Why Apple should build its own car

Posted by on Feb 18, 2015 in Blog

Why Apple should build its own car

Can Apple build a new car? It’s no more laughable than the idea that Apple, or Radio Shack, could create a personal computer infrastructure in the 1970s and challenge the dominance of IBM mainframes or Digital Equipment Corp. minicomputers.


Multiple published reports of the past week say Apple has hired hundreds of people known for automotive expertise, with an eye toward Apple building a car of its own. The most likely car would be an electric vehicle in the shape of a small minivan or crossover. Even if the Apple iEV never goes forward, the thinking is that Apple has nicely hedged its bets. Research into big electric batteries translates into future iPhones or iWatches that run longer. A carbon fiber car shell that saves lives might make for an indestructible iPhone.

The time is ripe for Think Different vehicles

For a century, the core mindset had been a combustion engine up front, two and sometimes three rows of seats in the middle, luggage in back; dissimilar paired options such as the expensive AM/FM radio with the vinyl roof then or adaptive cruise control and a panoramic moonroof now; and indirect sales through a network of dealers.

It was little Tesla not Ford, GM or Chrysler (not Audi or Lexus) that opened our eyes to the possibilities of the 17-inch LCD display center stack. Great things may come when the automaker, not just the design, is a a fresh sheet of paper. Arguably, the biggest differentiator in new cars is the technology in the dashboard: infotainment and navigation as well as driver safety aids and rudimentary self-driving or assisted driving through adaptive cruise control, blind spot detection, and lane departure warning. The suspension and running gear can be designed by contractors such as Porsche, which for years made more money engineering other cars than building its own. The same holds for setting up a factory and making it run smoothly: incredibly complex but a proven technology, and it can be hired out. Auto plants such as Hyundai’s newest in Alabama have self-driving parts trains; Apple doesn’t have to reinvent that.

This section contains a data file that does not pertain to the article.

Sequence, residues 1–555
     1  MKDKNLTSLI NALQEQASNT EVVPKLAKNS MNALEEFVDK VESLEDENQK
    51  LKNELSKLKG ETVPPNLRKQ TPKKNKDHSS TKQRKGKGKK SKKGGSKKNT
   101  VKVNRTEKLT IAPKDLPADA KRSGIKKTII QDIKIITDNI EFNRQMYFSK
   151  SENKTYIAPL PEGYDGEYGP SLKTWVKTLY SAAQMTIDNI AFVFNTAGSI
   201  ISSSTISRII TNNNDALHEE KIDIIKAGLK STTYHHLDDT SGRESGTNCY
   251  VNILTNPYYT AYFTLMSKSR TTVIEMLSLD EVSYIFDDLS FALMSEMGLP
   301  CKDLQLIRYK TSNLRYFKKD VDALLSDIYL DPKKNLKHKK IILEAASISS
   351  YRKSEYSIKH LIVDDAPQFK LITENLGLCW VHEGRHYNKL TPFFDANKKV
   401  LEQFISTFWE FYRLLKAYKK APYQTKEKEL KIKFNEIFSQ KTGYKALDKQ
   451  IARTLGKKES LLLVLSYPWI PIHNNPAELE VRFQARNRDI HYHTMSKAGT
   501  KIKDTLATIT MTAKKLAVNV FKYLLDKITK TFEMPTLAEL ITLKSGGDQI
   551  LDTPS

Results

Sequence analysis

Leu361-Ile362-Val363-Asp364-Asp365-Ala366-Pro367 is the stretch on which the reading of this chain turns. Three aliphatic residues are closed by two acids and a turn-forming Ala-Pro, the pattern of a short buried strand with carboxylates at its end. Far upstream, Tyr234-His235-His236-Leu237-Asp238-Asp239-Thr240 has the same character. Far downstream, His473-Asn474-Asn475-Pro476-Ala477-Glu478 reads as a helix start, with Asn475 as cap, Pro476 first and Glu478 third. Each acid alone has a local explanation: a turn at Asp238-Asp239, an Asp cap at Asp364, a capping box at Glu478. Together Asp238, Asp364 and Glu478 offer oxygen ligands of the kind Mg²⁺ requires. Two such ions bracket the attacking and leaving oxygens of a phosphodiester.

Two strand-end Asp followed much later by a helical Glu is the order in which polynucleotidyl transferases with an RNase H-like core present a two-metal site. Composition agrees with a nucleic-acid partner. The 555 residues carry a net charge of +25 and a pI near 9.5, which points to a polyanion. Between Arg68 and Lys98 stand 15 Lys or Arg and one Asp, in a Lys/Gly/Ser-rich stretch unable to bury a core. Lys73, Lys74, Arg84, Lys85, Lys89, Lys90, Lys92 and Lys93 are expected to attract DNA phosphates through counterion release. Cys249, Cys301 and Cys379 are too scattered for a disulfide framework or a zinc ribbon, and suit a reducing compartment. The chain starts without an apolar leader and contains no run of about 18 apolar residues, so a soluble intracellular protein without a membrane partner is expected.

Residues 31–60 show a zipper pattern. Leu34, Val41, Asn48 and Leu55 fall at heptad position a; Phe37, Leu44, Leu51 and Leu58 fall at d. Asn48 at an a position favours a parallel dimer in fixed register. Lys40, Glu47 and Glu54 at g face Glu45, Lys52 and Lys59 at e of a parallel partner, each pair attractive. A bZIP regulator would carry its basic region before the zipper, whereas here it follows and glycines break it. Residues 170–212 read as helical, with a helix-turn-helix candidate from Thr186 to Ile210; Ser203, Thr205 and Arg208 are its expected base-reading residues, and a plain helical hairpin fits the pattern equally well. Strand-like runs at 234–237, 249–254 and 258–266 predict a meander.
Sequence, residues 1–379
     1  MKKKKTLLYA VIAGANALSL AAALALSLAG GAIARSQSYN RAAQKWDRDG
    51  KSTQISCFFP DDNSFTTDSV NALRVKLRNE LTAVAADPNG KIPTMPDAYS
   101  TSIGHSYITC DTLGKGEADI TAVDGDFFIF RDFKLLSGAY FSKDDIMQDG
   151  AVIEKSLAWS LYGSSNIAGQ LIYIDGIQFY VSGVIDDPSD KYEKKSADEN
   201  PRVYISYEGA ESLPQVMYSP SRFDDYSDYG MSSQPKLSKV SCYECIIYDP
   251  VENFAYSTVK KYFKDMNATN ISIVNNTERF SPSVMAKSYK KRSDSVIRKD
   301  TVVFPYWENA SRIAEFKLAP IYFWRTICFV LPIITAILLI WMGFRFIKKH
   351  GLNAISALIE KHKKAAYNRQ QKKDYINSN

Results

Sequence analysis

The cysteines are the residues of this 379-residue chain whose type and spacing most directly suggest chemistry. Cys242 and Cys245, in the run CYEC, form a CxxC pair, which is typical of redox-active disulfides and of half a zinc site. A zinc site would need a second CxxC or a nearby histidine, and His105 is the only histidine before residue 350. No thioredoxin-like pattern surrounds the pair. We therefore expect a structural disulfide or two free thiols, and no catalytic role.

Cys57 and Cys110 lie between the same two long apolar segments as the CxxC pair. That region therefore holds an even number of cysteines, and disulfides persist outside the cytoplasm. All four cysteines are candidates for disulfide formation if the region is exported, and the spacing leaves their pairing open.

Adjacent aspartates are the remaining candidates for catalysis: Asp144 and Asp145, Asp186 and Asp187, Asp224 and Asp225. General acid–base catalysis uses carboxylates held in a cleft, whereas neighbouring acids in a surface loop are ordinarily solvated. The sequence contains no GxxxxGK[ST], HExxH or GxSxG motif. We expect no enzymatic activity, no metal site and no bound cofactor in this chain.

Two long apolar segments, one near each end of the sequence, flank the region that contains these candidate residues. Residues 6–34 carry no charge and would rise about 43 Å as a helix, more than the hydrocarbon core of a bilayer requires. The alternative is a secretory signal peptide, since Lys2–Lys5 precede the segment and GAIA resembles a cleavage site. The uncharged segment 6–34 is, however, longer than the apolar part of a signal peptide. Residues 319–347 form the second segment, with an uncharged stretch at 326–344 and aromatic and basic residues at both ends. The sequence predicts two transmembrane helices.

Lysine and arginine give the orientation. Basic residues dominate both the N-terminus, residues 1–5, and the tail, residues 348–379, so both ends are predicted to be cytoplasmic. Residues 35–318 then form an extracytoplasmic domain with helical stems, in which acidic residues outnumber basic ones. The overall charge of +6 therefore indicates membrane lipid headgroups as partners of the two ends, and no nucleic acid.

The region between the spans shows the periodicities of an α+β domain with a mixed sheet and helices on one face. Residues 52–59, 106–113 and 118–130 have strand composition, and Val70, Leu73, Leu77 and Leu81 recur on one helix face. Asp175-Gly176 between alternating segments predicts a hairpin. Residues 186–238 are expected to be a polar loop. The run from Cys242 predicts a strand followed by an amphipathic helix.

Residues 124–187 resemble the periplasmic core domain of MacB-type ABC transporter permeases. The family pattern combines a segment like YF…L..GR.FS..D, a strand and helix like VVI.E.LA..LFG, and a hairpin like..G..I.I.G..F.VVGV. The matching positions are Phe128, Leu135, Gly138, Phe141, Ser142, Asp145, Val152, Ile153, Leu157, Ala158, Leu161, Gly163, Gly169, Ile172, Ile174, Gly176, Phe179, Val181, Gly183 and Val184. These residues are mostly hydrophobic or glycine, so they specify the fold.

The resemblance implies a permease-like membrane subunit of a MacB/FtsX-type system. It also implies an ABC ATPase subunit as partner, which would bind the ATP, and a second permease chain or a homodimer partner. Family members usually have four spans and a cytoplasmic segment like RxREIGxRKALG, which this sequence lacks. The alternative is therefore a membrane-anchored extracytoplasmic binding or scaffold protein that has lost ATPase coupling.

Apple’s appetite for growth calls for car-building

In the go-go 1990s, the growth curve for Microsoft, extended forward a decade, would have made one company bigger than the entire world economy, which wouldn’t be possible by selling more copies of Windows and Office. Apple is the world’s most valuable company now in market capitalization – the total value of all the stockholder shares – at $740 billion. Microsoft capped out a $619 billion in 1999, or $880 billion in current dollars. To get to a trillion dollars in value, Apple needs to sell more than iPhones, iPads and iTunes. An Apple TV set would be nice compared to the klunky Internet-enabled TVs sold now, but it would be a small uptick. Apple could invent drugs to cure cancer or AIDs, buy Hollywood, compete with Boeing (Tesla is in the spaceship business), build smart homes — or build a car. That’s the most realistic path to growth that leverages Apple’s capabilities, especially with all the automotive people Apple hired.

Lots of people think they can run a car company. They find it’s more complex than expected, as former Home Depot chairman Robert Nardelli discovered when he ran Chrysler from 2007-2009. Cleaning up Chrysler was tougher than a cleanup in aisle 10. Conversely, Elon Musk thought he could found and build a car company from scratch, and so far has succeeded. Anyone who stuck with Tesla stock has been richly rewarded, at least until now.